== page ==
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Student Spotlight, Gunner West, 3L

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Gunner West, 3L

Meet Gunner West, 3L, and learn more about his story at South Texas Law in this Student Spotlight by the Career Resource Center. 

Why did you choose to attend South Texas College of Law Houston?

As a Houston native and son of a South Texas Law alumnus, I was familiar with the exceptional quality of lawyers who graduate from South Texas and the strength of its alumni network — both in Houston and beyond. I also knew I wanted to work in Houston after law school, so South Texas was the clear choice.

Where are you working after graduation?

After the bar exam, I will join Gray Reed & McGraw LLP (Gray Reed) as a transactional associate in the firm’s Houston office.

How did you secure that employment opportunity?

I interviewed with Gray Reed through the On-Campus Interview process at the end of my 1L summer and accepted their offer for a 2L summer associate position. After an incredible summer experience, I accepted a full-time position in their transactional department.

How did the Career Resource Center help you successfully navigate the recruitment process?

I used the CRC like a revolving door. Everyone there has been supportive from day one of law school and throughout the recruitment process. The CRC reviewed my OCI application and provided me with helpful career resources, such as professional advice, career resource packets, job fairs, practice panels, and other professional networking events. They also helped me connect with South Texas Law alumni in my practice area of interest for coffee chats.

What are your career goals for the future?

My goal is to build a lasting and fulfilling career at Gray Reed.

What advice would you share with future generation law students going through recruitment?

My advice to future students is to utilize your resources and prioritize your grades.

First, take advantage of the abundance of resources available to you as a South Texas Law student. Reach out to the CRC, the writing center, professors, older students, alumni, and other attorneys in the Houston legal community. Utilize your existing network and continue to build new connections by going to professional networking events and cold emailing people. Be proactive! You will be surprised how many strangers are willing to help a driven law student. They have all been in your shoes, and most are happy to help.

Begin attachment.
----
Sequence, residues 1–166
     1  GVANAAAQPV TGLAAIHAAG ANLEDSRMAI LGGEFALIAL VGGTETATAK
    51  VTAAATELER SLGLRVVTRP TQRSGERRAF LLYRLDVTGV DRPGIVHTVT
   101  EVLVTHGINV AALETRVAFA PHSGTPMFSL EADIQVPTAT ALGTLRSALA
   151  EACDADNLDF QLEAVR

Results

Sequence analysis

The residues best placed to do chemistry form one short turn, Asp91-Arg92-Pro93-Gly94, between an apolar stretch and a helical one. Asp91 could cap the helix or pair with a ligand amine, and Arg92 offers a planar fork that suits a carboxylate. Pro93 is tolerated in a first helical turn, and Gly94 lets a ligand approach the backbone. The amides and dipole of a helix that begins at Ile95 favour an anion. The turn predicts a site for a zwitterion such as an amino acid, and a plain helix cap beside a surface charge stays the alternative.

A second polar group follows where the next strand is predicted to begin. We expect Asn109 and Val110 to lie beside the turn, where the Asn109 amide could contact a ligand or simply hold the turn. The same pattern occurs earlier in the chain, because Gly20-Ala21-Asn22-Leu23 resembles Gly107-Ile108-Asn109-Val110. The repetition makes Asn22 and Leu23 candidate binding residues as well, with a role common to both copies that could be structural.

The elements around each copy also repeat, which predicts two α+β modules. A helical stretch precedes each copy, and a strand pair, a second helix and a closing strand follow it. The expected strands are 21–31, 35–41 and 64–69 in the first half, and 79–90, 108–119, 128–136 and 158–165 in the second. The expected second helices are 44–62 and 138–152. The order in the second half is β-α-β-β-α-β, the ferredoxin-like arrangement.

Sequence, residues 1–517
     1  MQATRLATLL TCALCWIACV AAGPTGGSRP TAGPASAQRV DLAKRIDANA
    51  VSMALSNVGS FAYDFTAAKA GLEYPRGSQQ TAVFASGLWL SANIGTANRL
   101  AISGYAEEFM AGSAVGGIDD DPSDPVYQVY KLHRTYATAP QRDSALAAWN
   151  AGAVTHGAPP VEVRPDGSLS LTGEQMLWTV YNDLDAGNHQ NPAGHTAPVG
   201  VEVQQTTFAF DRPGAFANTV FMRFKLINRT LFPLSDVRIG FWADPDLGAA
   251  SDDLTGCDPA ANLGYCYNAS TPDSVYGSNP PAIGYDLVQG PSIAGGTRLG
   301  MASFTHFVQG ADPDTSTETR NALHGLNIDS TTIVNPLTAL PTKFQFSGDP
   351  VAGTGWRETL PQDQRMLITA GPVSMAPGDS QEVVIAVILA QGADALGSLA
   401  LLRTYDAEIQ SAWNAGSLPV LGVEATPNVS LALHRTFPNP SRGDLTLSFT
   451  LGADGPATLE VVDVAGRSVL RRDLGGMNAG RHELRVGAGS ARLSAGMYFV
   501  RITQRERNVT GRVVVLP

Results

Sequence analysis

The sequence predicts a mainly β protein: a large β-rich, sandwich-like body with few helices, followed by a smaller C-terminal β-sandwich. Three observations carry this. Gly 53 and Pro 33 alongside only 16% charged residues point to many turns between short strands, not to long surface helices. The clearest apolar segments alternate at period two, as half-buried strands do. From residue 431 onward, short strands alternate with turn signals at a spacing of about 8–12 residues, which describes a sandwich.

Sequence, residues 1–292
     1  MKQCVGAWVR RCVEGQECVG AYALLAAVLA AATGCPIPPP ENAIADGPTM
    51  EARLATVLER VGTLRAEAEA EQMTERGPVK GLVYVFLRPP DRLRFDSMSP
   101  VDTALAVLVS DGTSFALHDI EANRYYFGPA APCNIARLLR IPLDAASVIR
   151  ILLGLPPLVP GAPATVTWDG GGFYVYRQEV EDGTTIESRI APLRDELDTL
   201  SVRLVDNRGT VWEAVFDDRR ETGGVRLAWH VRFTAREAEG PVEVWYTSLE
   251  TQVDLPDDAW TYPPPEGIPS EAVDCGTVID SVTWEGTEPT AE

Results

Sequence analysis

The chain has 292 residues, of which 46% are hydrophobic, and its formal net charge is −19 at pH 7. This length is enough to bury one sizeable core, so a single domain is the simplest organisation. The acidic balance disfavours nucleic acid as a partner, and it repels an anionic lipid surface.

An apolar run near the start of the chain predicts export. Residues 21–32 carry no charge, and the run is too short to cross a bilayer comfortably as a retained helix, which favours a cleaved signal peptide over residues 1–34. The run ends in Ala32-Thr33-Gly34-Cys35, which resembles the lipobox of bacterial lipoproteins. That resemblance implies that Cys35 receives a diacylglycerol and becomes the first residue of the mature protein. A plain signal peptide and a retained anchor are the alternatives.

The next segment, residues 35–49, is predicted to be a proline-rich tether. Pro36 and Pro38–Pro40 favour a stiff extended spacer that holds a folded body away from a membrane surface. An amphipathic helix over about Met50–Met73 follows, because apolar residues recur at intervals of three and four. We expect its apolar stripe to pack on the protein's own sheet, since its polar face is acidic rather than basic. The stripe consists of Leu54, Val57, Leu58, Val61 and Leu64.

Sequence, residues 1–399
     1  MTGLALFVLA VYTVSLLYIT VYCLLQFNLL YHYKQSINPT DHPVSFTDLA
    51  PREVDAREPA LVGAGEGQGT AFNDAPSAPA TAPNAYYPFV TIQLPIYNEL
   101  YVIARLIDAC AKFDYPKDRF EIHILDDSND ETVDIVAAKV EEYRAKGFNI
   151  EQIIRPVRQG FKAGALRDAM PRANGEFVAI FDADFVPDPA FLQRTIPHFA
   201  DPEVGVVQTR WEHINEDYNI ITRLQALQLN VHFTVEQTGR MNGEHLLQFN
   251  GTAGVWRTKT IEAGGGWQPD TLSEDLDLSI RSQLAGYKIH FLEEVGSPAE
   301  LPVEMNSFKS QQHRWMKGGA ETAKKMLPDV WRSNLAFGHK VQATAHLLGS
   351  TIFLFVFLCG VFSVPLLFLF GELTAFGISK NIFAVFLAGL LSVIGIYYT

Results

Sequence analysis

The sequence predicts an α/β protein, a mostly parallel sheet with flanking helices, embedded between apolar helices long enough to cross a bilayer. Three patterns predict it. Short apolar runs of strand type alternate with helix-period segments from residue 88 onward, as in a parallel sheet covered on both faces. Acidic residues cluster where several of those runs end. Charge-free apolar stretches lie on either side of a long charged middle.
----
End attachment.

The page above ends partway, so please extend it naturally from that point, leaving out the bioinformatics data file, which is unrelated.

Second, prioritize your grades during your first year. Law school is your opportunity to put yourself on a path to a successful, lifelong career, so take your legal education seriously. Treat law school like a 9-to-5 job, and when it comes time to prepare for finals, remember one thing: a few months of hard work during your 1L year will put you years ahead in your legal career. Your first-year GPA may be the most determinative element of your job application and likely the first thing recruiters see. Great exam scores will unlock great job opportunities. Stay focused and study hard!

Which professors have influenced you and or your career path the most?

Professor Yamamoto; he was my professor for Federal Income Taxation and Corporate Taxation. These courses have been the most challenging and rewarding courses I have taken in law school. He expects a lot from his students and pulls the best out of them. Outside of class, Professor Yamamoto has been an excellent resource for career advice. Although I’m not going into a tax practice, his class instruction and career advice influenced my decision to pursue a transactional practice with an interest in Corporate / M&A work.

What student organizations have you been involved with?

Many. Coming into law school, I was determined to make the most of my South Texas Law experience — to engage with the law school community and to grow alongside it. To that end, I took advantage of every opportunity to get involved with the law school and student organizations. I competed in multiple moot court tournaments and an ADR competition as part of the nationally recognized South Texas Advocacy Program. I am a member of the South Texas Law Review and the editor-in-chief of the Harry L. Reed Oil & Gas Law Institute Energy Newsletter. Also, I have held board positions for multiple student organizations, such as the Student Bar Association, the Oil & Gas Law Society, and the Texas Exes Legal Network.

Beyond the Career Resource Center, how has the South Texas Law community supported your growth?

The South Texas community has helped me grow both professionally and personally.

Professionally, I discovered my desired practice area by engaging with the many opportunities South Texas Law has for students to explore their professional interests and career pursuits. Through the curriculum, student organizations, advocacy program, clinics, professor office hours, alumni network, and internship opportunities, students can cultivate their practice interests and develop their professional skills — allowing them to map out a career pathway.

Personally, law school has allowed me to make new connections with wonderful people in the Houston legal community, cultivate my communication skills, develop better time management and work ethic, and grow intellectually to think like a lawyer.

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